Flipino culture celebrated in the northeast
“It was exactly what I hoped for,” he said. “It certainly contributed to a cultural immersion for people who chose to attend and the inclusivity that we pride ourselves on.”
According to Behiel, this was one of the first events in Humboldt that was able to showcase the true aspects of Filipino culture.
“I recognized that this was a fantastic opportunity to recognize and welcome the new Filipino community to our city and let them know that they are part of the culture. Also, on the same note, help those who are already here learning about their culture and understanding the intricacies of where they come from, so that we can all blend in and exist together as one.
Humboldt hosted similar events like these, such as German Fest, which celebrated the city’s own heritage as a German colony. However, that’s mostly it.
Behiel hopes this will get the ball rolling and begin an expansion of cultural diversity and celebration.
“I know that the Ukrainian community is trying to be more visible and they have done a lot of things, but they have been sidelined a bit by the recent events in Ukraine. I would really like to see a multicultural base where everyone has a chance to showcase their stuff and where everyone can immerse themselves.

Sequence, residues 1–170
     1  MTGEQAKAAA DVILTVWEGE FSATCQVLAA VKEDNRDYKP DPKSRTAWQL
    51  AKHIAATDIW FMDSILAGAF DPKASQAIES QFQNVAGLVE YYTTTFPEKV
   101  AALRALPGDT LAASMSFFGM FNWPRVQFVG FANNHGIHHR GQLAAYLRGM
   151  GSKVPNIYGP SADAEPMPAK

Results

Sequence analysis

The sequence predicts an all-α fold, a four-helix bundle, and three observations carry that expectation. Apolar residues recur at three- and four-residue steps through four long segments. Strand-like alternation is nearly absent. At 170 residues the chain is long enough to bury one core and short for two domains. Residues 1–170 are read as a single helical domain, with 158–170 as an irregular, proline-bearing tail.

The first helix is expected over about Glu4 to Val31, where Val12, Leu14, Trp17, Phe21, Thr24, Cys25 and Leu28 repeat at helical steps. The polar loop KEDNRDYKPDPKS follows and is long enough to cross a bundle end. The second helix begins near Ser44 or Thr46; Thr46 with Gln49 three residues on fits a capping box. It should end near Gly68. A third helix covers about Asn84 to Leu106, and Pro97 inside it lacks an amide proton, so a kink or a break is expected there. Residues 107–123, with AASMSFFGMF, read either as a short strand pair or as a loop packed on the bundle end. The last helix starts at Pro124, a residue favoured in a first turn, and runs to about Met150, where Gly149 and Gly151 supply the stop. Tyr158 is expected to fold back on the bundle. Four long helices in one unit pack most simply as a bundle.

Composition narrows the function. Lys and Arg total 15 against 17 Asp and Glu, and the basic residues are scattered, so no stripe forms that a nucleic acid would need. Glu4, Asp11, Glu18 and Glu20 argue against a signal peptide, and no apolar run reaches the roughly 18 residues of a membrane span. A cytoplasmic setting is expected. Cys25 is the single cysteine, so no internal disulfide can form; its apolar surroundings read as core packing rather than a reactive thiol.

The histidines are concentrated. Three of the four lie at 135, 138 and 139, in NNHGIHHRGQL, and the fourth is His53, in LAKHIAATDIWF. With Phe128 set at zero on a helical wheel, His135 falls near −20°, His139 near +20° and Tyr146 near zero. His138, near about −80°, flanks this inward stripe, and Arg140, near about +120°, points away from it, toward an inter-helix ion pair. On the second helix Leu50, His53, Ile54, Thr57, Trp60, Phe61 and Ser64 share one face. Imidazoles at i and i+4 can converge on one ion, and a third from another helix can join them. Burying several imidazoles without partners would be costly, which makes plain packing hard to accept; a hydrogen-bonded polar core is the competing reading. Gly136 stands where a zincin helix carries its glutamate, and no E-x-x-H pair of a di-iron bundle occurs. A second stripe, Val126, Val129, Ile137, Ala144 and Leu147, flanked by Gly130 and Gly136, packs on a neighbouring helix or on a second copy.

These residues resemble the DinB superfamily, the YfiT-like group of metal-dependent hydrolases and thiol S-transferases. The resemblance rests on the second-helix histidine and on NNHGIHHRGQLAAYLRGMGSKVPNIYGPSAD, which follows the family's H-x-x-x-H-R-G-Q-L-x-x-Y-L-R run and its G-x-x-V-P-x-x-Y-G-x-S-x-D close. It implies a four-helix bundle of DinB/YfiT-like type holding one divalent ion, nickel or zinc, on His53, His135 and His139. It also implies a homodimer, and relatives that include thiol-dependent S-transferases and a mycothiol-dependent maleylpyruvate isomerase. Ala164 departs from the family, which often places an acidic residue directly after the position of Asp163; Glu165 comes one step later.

Chris Rod was the chief organizer of the festival, which started in Saskatoon last year.
Due to the great response to last year’s event, they decided to bring it to Humboldt this year.
“I think Filipinos would be in the top three of the biggest migrations here in Saskatchewan or Canada,” he said. “We are very lucky that our culture is still practiced and we just wanted to get out there and share it with the different communities there. It’s really an important part of us to be able to communicate and relate to different cultures.
Bryann Lopez, Loud Differences with Ian, Chris Rod and Kaycee, and Yssa Kapatid Band were just a handful of Filipino community and festival members involved.
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